Abstract

Five studies examined the relationship between talent and team performance. Two survey studies found that people believe there is a linear and nearly monotonic relationship between talent and performance: Participants expected that more talent improves performance and that this relationship never turns negative. However, building off research on status conflicts, we predicted that talent facilitates performance — but only up to a point, after which the benefits of more talent decrease and eventually become detrimental as intrateam coordination suffers. We also predicted that the level of task interdependence is a key determinant of when more talent is detrimental rather than beneficial. Three archival studies revealed that the too-much-talent effect emerged when team members were interdependent (football and basketball) but not independent (baseball). Our basketball analysis also established the mediating role of team coordination. When teams need to come together, more talent can tear them apart.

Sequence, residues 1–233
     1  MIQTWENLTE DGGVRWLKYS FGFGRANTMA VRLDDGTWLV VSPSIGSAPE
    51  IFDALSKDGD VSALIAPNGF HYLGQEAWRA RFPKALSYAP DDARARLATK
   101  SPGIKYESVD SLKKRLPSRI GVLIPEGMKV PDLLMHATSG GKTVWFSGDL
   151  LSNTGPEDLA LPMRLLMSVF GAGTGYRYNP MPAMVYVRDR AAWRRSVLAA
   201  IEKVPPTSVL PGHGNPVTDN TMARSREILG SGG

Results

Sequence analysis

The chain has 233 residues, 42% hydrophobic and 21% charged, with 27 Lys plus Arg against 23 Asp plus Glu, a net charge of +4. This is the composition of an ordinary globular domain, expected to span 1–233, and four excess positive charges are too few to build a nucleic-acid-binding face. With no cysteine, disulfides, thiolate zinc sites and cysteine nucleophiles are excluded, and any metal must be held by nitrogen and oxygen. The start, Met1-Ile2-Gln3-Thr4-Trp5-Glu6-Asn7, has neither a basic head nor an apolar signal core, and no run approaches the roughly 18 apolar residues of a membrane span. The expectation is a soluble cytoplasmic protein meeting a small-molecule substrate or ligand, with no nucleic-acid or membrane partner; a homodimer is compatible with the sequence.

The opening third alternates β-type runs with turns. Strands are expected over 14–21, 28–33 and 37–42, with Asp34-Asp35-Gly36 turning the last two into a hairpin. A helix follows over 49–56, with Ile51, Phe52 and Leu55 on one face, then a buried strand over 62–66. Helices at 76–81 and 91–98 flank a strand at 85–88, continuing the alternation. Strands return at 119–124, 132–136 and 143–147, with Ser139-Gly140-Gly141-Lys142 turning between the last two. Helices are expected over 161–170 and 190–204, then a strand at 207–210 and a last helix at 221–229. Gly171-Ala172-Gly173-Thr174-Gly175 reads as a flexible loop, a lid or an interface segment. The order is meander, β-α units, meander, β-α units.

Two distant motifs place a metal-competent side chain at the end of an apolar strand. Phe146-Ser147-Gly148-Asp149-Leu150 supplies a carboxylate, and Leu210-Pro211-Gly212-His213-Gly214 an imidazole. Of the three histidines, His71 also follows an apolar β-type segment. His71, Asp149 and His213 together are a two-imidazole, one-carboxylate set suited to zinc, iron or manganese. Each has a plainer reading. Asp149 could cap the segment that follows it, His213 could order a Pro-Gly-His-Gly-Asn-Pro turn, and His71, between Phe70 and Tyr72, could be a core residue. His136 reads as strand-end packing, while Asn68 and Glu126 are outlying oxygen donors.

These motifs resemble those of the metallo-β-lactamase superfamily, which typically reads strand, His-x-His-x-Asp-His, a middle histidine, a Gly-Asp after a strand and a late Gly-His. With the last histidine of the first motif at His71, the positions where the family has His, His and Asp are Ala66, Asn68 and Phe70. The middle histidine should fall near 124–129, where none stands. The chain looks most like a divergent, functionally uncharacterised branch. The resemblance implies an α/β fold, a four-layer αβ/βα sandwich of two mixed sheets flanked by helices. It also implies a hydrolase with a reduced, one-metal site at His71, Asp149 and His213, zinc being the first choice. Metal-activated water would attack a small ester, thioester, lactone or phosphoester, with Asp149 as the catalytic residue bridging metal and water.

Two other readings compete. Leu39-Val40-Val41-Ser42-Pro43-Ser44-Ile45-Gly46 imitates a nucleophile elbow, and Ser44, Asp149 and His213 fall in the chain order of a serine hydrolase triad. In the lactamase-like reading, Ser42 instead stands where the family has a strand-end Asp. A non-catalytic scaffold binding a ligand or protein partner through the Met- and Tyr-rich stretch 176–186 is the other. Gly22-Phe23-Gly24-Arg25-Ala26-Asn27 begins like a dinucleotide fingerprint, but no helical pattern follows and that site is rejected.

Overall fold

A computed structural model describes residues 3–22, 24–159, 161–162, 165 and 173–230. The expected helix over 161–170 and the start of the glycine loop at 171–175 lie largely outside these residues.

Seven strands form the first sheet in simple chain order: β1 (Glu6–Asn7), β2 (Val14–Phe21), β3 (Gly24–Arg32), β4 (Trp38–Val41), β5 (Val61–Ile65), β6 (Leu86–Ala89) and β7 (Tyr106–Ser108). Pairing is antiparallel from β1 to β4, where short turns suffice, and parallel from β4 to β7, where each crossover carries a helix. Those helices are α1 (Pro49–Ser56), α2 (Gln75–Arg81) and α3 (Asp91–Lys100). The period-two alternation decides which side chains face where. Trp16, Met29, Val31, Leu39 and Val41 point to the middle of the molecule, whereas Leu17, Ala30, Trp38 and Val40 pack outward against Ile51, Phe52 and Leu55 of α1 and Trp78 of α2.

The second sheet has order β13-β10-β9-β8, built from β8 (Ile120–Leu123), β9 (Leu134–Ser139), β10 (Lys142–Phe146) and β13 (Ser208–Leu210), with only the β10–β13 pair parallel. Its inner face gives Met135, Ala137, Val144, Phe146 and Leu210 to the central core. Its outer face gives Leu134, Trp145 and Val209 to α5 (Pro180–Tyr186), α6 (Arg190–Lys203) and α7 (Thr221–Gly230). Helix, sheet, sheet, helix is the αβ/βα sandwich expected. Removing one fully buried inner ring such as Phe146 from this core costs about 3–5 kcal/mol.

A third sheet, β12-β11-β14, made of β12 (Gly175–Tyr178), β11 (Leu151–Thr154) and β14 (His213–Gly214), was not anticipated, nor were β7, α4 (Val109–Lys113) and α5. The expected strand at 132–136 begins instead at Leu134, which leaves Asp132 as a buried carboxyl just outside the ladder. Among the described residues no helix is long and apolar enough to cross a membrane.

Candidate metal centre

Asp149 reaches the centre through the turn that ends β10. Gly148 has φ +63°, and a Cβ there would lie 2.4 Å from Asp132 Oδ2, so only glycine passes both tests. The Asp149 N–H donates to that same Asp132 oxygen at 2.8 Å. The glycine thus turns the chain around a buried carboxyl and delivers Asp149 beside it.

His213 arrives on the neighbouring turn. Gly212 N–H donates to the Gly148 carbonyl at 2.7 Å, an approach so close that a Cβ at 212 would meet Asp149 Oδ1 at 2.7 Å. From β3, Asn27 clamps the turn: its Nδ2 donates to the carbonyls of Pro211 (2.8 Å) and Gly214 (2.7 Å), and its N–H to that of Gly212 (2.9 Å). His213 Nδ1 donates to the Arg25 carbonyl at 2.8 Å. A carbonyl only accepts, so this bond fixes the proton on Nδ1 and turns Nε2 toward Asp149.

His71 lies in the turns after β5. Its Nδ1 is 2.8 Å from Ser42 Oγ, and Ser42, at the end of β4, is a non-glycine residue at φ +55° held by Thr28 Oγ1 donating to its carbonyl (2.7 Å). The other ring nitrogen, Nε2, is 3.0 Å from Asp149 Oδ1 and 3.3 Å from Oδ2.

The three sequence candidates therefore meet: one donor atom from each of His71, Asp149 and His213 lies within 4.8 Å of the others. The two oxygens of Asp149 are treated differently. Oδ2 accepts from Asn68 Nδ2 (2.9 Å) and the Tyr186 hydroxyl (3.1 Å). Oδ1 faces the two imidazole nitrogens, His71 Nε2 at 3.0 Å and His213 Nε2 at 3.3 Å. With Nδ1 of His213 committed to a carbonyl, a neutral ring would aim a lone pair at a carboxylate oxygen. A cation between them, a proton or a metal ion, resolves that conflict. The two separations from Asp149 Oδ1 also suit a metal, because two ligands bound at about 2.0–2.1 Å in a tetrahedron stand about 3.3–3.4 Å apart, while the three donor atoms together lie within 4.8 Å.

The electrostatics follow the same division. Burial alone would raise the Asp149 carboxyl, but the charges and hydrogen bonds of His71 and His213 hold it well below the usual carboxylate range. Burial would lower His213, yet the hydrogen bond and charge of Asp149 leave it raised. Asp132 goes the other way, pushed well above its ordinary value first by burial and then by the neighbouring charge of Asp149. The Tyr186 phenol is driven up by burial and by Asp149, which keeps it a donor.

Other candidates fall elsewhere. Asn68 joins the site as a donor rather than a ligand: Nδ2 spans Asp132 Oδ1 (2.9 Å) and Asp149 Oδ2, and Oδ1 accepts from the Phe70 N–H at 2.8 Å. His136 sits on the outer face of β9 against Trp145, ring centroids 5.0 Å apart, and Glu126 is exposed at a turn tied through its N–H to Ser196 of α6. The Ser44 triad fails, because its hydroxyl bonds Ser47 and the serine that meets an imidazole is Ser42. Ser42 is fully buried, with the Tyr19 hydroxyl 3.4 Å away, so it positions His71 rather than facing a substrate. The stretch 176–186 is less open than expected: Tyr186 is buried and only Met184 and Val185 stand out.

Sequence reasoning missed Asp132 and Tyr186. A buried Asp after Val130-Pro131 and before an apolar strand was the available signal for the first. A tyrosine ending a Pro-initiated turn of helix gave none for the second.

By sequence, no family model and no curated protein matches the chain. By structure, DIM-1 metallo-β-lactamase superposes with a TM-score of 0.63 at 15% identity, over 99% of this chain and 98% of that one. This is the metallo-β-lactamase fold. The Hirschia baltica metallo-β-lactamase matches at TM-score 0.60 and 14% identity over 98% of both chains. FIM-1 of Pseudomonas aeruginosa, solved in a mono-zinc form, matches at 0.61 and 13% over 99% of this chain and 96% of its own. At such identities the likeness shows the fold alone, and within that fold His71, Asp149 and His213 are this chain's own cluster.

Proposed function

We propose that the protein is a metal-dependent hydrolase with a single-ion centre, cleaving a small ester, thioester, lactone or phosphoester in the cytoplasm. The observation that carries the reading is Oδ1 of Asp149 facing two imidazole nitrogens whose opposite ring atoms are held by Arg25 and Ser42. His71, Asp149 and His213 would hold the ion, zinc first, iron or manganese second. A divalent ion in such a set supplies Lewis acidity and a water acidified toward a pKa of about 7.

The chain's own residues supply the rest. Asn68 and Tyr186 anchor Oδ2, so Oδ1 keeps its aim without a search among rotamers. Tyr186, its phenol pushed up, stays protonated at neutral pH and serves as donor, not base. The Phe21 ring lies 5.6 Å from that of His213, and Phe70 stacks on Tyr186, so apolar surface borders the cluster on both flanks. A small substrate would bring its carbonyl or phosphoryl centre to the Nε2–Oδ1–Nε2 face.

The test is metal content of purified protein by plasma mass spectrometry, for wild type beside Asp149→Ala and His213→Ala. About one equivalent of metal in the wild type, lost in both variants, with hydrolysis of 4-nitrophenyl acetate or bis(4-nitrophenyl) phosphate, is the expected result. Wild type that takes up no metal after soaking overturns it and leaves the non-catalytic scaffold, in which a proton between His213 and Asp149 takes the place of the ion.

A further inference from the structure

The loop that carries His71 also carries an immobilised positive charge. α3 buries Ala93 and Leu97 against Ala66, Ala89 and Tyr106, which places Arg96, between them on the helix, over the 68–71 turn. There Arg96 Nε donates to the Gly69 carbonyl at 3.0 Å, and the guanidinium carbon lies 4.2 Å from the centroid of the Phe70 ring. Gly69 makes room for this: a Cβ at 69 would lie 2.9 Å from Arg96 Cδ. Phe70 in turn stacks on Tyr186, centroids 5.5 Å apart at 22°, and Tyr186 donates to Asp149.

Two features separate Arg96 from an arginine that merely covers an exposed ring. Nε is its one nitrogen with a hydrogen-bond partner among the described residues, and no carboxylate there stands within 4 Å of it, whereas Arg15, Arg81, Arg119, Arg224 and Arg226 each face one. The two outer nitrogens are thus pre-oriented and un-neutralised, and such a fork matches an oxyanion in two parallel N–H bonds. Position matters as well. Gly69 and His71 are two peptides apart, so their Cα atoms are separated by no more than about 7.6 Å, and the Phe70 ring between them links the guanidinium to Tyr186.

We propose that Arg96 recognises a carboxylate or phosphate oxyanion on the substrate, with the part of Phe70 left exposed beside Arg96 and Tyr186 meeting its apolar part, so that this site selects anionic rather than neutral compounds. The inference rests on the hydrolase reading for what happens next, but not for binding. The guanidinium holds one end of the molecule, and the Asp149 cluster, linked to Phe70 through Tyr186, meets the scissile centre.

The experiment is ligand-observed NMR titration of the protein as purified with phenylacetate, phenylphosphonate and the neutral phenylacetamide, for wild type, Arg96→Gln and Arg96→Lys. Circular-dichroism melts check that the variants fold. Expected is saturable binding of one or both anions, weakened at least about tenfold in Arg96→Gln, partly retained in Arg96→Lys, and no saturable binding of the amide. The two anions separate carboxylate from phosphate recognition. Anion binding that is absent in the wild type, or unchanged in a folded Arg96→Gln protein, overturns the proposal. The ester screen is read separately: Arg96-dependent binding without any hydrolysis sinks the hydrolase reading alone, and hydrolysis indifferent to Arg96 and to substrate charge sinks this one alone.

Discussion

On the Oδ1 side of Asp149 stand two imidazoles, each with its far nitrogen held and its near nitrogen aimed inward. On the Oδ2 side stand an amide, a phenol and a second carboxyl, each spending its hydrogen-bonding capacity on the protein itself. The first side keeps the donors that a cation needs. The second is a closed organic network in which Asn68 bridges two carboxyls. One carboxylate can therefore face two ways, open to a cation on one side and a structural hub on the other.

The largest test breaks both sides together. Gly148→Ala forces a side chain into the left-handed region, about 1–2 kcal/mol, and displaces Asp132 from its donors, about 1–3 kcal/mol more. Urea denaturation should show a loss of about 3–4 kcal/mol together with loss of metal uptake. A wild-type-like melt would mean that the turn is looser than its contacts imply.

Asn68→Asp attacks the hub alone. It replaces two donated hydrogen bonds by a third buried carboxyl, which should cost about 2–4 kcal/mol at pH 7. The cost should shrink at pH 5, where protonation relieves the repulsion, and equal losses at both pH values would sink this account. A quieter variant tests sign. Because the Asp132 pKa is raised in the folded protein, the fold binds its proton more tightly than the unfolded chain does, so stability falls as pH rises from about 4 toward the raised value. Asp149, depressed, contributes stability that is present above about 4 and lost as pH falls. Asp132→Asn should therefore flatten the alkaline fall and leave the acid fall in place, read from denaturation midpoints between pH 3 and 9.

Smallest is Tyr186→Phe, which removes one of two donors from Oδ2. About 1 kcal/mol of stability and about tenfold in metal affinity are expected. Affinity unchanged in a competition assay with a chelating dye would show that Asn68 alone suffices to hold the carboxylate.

Authors
Roderick I. Swaab, Michael Schaerer, Eric M. Anicich, and Adam Galinsky
Format
Journal Article
Publication Date
Journal
Psychological Science

Full Citation

Swaab, Roderick I., Michael Schaerer, Eric M. Anicich, and Adam Galinsky
. “The Too-Much-Talent Effect: Team Interdependence Determines When More Talent Is Too Much or Not Enough.”
Psychological Science
vol.
25
, (August 01, 2014):
1581
-
1591
.